How do we know what another person is thinking? New research suggests we use the same brain region that we do when thinking about ourselves — but only as long as we judge the person to be similar to us. When second-guessing the opinions and feelings of those unlike ourselves, this brain region does not get involved, the new research shows. This may mean we are more likely to fall back on stereotyping — potentially helping to explain the causes of social tensions such as racism or religious disputes.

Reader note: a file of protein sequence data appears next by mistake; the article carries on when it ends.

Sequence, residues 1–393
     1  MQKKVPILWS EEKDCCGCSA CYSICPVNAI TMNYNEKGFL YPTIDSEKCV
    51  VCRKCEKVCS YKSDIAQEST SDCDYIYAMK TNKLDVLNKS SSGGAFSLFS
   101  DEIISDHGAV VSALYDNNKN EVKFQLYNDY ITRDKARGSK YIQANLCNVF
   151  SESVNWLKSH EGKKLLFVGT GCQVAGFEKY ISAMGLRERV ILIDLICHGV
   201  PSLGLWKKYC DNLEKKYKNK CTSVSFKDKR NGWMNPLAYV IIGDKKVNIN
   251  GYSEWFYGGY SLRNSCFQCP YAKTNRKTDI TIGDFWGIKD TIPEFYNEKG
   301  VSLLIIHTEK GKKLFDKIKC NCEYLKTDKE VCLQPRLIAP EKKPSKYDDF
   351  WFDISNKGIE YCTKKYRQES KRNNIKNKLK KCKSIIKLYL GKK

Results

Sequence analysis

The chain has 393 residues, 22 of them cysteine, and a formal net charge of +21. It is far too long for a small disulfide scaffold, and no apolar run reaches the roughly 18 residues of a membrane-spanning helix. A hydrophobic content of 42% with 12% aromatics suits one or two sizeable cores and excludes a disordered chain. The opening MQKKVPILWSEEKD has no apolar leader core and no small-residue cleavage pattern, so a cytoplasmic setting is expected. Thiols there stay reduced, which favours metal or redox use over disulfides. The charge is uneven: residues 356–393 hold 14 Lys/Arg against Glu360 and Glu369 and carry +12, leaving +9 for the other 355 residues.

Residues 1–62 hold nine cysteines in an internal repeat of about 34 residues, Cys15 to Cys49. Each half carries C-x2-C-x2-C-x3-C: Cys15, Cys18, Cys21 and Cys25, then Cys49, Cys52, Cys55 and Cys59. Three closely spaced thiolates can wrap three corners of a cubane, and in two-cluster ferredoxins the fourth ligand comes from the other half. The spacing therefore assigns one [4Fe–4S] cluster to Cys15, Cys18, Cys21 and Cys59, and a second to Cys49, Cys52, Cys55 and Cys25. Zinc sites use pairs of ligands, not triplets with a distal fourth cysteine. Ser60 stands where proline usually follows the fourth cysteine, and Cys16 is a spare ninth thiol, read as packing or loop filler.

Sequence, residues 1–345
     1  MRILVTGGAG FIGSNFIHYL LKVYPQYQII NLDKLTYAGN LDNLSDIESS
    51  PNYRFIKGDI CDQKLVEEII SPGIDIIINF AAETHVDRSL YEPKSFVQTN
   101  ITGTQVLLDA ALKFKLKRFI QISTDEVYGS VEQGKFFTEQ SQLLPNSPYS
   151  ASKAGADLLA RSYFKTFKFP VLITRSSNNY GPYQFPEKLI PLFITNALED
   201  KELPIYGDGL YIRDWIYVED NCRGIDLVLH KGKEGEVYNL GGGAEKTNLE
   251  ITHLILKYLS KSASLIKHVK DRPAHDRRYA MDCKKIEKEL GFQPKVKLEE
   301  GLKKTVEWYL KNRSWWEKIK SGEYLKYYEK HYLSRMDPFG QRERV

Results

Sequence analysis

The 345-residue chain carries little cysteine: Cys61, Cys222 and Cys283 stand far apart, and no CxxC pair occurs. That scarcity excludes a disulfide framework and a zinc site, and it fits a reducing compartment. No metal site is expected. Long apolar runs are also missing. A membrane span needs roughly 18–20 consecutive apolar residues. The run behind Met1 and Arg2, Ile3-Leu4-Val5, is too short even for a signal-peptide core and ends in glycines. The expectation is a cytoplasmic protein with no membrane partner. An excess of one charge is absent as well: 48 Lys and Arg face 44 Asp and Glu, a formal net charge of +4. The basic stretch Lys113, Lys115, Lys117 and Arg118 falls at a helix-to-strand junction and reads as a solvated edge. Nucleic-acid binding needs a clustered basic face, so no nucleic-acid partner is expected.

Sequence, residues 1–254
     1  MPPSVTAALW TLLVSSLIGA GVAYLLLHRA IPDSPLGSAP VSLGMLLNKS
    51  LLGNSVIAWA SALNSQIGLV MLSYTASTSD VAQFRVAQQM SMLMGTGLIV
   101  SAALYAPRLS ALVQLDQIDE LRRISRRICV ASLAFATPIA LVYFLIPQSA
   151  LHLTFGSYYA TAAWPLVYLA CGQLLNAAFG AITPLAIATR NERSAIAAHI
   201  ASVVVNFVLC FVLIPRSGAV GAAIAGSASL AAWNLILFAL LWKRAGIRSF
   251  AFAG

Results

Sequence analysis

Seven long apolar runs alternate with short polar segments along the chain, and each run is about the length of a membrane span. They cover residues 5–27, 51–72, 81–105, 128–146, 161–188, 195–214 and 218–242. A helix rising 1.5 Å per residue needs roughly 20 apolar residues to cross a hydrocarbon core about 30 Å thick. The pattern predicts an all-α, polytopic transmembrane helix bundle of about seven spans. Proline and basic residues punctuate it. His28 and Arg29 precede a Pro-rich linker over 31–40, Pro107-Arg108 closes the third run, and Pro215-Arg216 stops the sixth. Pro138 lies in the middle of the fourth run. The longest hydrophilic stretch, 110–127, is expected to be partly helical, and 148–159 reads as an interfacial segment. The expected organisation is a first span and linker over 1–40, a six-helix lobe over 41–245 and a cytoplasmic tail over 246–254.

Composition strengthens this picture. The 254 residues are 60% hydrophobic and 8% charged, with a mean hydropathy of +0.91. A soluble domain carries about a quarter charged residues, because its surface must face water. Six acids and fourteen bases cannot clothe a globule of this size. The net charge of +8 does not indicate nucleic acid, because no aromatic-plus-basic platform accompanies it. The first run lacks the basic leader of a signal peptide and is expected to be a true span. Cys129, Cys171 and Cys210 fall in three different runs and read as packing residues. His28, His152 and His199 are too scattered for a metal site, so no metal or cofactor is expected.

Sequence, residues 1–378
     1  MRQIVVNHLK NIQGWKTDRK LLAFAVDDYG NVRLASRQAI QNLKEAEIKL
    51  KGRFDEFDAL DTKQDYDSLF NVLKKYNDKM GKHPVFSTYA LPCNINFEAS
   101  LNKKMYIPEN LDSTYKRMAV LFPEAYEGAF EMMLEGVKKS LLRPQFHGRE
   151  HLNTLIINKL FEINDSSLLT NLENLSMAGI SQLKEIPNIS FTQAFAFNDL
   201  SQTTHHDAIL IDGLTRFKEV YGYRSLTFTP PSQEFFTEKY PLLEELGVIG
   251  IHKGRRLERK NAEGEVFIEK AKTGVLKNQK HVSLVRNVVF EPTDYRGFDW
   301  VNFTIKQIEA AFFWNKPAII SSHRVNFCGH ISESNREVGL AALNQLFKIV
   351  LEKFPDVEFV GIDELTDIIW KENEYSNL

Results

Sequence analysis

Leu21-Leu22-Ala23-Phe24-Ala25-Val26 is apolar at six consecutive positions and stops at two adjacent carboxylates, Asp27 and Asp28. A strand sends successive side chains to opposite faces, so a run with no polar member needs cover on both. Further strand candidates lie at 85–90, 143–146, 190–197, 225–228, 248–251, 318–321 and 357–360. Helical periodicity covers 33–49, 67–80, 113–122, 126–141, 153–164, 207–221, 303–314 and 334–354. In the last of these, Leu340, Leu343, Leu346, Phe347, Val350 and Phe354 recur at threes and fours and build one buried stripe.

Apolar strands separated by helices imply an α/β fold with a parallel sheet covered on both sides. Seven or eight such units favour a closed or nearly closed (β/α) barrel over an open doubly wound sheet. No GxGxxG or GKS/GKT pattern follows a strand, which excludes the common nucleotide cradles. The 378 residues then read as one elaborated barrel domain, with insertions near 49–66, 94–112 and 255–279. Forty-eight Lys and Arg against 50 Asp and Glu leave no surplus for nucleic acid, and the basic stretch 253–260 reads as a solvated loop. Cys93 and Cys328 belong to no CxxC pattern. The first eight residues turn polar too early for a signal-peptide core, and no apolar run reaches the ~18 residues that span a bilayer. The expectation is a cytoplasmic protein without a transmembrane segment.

Neuroscientists led by Adrianna Jenkins of Harvard University in Cambridge, Massachusetts, made the discovery when trying to deduce how the brain weighs up the thoughts of others. As Jenkins explains, judging how others are feeling is a valuable social skill, because we have no way of seeing inside another person’s head. “How do we go about bridging the gap between our minds and others’ minds?” Jenkins asks.
The answer seems to be that it depends on whether we feel we identify with that person or not, Jenkins says. In other words, how our brain handles the question of someone’s attitude to anything, from traffic jams to impressionist art, depends entirely on how we feel we relate to them as a person.